(Figures 1a and 1b show values measured at a system load just before the test reached a stop condition. See the How We Tested section for stop condition details.)
More Value from Per-CPU Oracle Licensing: CPU Utilization
Oracle Database software is licensed in several ways including per-CPU (details on licensing are beyond the scope of this document). When licensing Oracle Database software per CPU, getting more results—more real application work per CPU—is highly desirable.
Per CPU, one can evaluate how the storage system affects this by measuring the percentage of CPU resources being used (%CPU utilization) for real application work and comparing it to the percentage spent waiting for data or write completion (storage system response).
Figures 2a and 2b compare %CPU utilization by task type for each configuration. In each figure, task types are shown in four categories by color: real application work (in green—the %CPU used to generate real workload value), kernel operations (purple), IO Wait (in dark grey, %CPU spent waiting on data or write complete acknowledgement – waiting for storage to respond) and unused (in light grey, indicating that the CPU was not the bottleneck for this test).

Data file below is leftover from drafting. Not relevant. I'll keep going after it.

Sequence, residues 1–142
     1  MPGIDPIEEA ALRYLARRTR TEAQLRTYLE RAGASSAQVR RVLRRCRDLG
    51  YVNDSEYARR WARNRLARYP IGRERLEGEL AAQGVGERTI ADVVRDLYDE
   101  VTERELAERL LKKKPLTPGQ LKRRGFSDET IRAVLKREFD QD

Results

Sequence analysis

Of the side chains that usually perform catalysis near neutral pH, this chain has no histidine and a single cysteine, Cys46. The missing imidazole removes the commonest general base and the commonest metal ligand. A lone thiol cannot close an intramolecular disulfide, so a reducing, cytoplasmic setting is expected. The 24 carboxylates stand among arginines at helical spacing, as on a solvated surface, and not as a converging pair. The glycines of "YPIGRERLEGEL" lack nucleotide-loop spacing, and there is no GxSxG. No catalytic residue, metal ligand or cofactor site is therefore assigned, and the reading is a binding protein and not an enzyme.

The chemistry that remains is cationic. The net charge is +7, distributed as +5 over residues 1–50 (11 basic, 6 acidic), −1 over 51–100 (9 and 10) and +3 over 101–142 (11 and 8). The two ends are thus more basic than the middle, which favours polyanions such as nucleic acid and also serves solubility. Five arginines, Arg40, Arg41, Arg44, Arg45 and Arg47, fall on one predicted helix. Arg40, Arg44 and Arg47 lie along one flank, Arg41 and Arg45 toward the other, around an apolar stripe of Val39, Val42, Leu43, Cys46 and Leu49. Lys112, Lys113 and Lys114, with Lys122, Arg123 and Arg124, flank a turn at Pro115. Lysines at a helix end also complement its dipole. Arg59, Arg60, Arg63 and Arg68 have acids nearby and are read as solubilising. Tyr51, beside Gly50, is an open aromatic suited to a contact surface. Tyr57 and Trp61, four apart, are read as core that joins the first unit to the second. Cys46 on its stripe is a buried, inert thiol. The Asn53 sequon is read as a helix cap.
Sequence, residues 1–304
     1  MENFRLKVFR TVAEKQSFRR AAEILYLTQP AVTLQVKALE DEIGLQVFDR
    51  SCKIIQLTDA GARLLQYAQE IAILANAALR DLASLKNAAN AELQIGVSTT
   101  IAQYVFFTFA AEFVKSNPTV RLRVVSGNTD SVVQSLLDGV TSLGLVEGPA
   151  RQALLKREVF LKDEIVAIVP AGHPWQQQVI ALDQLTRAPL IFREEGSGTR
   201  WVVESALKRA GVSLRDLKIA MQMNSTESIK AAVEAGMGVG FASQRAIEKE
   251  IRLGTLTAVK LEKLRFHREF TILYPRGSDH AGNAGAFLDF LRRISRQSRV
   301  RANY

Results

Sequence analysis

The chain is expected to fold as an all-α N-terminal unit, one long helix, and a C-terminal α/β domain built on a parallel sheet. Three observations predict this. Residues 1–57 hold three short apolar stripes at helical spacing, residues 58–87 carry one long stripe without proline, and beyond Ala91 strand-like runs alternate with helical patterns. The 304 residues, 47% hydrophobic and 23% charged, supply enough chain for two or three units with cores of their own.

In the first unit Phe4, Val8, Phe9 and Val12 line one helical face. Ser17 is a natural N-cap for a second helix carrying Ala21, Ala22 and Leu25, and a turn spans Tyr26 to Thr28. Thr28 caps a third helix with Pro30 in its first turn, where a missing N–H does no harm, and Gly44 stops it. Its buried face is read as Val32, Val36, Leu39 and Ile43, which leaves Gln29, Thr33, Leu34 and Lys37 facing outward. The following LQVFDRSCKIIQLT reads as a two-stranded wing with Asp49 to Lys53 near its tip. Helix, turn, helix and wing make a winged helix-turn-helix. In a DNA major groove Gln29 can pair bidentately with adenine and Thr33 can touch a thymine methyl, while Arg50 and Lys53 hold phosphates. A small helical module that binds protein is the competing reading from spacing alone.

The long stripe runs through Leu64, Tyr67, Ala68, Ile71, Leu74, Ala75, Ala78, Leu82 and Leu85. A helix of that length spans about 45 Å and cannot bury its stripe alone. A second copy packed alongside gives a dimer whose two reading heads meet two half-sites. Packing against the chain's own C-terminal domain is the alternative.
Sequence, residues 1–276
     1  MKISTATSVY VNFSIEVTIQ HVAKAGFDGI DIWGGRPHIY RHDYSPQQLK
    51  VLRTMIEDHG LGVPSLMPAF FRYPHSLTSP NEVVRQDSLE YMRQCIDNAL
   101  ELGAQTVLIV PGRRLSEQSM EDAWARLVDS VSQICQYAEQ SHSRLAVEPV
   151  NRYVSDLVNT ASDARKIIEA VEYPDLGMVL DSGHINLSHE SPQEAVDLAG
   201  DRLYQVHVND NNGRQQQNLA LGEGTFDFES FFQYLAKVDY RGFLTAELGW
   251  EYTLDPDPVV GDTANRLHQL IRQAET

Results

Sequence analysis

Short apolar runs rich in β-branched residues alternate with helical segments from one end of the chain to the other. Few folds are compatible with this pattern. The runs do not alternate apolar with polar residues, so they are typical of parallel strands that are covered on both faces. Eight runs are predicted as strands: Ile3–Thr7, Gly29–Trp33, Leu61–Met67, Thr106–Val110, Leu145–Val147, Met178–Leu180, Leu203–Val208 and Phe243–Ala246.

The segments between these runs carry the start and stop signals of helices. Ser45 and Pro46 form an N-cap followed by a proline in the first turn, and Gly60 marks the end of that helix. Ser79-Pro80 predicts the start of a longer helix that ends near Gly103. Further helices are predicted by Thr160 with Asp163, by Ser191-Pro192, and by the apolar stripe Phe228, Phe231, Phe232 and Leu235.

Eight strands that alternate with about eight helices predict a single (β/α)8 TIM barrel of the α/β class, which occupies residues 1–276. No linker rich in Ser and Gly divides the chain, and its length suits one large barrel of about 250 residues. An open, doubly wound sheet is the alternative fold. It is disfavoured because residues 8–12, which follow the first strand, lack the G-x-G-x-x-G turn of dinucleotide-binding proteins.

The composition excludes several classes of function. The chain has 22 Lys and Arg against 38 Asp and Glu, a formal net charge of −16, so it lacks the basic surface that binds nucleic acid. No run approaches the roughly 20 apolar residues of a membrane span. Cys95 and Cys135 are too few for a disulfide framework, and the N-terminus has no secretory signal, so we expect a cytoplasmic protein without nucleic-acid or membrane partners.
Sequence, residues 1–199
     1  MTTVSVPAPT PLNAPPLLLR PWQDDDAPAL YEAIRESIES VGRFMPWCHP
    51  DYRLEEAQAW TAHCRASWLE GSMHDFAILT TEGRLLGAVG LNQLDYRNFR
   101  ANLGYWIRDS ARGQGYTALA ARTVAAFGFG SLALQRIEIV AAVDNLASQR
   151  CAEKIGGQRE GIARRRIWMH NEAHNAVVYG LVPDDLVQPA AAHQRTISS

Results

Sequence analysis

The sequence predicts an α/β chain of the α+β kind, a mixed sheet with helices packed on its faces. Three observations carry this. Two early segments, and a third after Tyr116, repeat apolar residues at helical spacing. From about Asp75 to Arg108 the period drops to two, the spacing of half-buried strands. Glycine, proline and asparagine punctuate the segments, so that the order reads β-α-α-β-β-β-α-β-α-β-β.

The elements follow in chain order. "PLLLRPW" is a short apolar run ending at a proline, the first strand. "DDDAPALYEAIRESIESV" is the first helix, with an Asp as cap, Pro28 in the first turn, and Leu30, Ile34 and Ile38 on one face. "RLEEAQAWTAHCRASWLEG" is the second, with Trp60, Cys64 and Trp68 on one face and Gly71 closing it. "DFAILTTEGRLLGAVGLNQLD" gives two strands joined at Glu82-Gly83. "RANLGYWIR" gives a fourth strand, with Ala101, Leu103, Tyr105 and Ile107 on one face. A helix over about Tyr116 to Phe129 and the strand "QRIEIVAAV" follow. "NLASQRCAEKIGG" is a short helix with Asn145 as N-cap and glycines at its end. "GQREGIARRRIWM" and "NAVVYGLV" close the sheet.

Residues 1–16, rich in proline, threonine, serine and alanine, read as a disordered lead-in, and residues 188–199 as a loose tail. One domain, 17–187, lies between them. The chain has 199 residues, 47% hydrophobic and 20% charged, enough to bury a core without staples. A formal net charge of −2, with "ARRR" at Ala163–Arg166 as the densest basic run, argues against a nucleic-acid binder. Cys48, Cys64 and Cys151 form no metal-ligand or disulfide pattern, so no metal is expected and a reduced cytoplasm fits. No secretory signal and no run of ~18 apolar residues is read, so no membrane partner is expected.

The 5200 PRO configuration shows far higher %CPU utilization for real application work (13X that of the legacy configuration), while spending 90% less of its resources waiting for data or for write completion acknowledgement.
Fast, Consistent Responses
As shown in Figures 3a, 3b, 4a and 4b below, we calculated and compared the mean response time (latency) and the 90th percentile response time (a good indicator of latency consistency) at system load just before the test reached a stop condition for both the storage configurations (see the How We Tested section for stop condition details). We used the same metrics, database and test parameters for each configuration.
The SSD configuration responds much faster with a mean response time of just 23ms, 95% lower than the 470ms of the legacy configuration. Comparing 90th percentile latency shows similar results.
Figures 4a and 4b show that the SSD configuation has a 93% lower 90th percentile response time, indicating that 93% of its operations repond much, much faster than the legacy configuration.
Higher Power Efficiency
To evaluate power efficiency, we divided CPM by measured average instant power consumption for each configuration:
Comparing the legacy configuration’s CPM/watt to the same metric for the 5200 PRO configuration (Figures 5a and 5b) shows a dramatic power efficiency advantage (15X) for the 5200 configuration.
The Bottom Line